If you thought Christmas marked the end of your winter holiday advertising campaigns, then you’ve forgotten about Chinese New Year (CNY). CNY is the biggest annual holiday for people all over Asia. It’s also called ‘Lunar New Year’ because it starts on the first day of the Chinese lunisolar calendar. Much like Christmas, this is a time for families to come together, exchange gifts and celebrate a new year of life. This holiday is the perfect time for your brand to connect with a Chinese audience using a special Chinese New Year media campaign. Here’s why:
The Chinese demographic is among the fastest-growing in North America. One report from SCMP projects the Chinese population in Toronto and Vancouver will double by 2031. But brands don’t need to wait 10 years to begin connecting with the Chinese community. In Vancouver, the Chinese immigrants already make up nearly 30% of the population, according to Canada’s last census data. Chinese languages are also the third most commonly spoken in Canada after English and French.
Immense Purchasing Power
With a huge demographic comes unprecedented purchasing power. Recent studies have shown Chinese consumers are driving the luxury retail growth in Canada. In 2019, Chinese consumers aged 18 and older spent $61 billion, according to self-reported spending from 1.2 million participants. These are certainly numbers to pay attention to moving forward.
A successfully tailored media campaign can generate a positive relationship with the Chinese community. As with any relationship, it’s important that both parties are speaking the same language — literally. Among all Chinese consumers in Canada, roughly 490,000 are not citizens and were not born in Canada. That is a lot of people for whom English is not their mother tongue. Of these non-citizens, 53% say they pay more attention to advertising in their native language. Therefore, choosing to run advertisements in Mandarin or Cantonese will make your brand eye-catching and unique to Chinese consumers. CNY is the perfect time of year to stand out.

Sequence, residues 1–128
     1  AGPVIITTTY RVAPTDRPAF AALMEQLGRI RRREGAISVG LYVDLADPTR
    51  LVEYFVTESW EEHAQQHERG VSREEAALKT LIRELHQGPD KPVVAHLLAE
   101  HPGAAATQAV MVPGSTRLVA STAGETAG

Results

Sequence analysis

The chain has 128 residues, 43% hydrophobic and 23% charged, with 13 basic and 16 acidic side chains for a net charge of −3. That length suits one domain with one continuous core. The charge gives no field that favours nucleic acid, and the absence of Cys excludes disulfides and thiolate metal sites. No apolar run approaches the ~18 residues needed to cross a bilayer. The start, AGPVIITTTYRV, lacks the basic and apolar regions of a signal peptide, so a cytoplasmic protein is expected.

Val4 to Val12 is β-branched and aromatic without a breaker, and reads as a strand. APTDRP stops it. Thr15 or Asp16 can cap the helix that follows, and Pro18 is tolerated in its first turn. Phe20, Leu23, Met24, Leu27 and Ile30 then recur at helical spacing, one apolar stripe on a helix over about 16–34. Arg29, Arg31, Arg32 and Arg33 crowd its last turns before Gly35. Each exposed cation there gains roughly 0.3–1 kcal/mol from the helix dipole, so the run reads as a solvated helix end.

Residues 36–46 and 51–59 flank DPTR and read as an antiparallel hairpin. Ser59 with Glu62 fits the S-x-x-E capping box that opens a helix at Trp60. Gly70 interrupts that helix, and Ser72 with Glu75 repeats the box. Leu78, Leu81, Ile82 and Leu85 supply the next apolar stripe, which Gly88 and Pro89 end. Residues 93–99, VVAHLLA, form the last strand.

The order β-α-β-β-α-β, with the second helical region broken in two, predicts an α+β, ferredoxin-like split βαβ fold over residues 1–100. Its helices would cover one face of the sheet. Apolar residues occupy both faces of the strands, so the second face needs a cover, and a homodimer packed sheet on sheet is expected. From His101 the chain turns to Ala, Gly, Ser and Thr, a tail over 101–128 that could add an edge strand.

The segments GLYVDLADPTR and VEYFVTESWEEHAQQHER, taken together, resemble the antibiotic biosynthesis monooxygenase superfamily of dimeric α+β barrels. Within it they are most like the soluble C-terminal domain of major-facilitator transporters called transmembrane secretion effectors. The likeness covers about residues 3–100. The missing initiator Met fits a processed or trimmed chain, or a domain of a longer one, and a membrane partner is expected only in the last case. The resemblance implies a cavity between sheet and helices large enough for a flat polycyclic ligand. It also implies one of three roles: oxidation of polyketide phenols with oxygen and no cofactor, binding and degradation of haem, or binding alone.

Tapping into the trends: not everyone does it right
Many global brands have already run successful Chinese New Year media campaigns including Coca Cola, McDonald, Apple, and Samsung. These advertisements struck a chord with Chinese audiences using heartwarming videos that connected their brand to home, family, and popular new year’s traditions. Not all campaigns have been so successful, however.
In 2018, Dolce & Gabbana, the Italian luxury fashion brand, sparked outrage with their advertisement for an upcoming fashion show in Shanghai. The video show a Chinese woman in a beautiful gown struggling to eat Italian food with oversized chopsticks. In one clip, the woman awkwardly tries to cut pizza by stabbing it with chopsticks while a condescending narrator gives her instructions on how to “properly” eat it. At times, Chinese words and phrases were intentionally mispronounced in an attempt to be “funny.”
Unsurprisingly, many Chinese netizens boycotted Dolce & Gabbana in response because they found the ad disrespectful and even racist. The fashion show was canceled, and the brand’s creators released an apology video a few days later.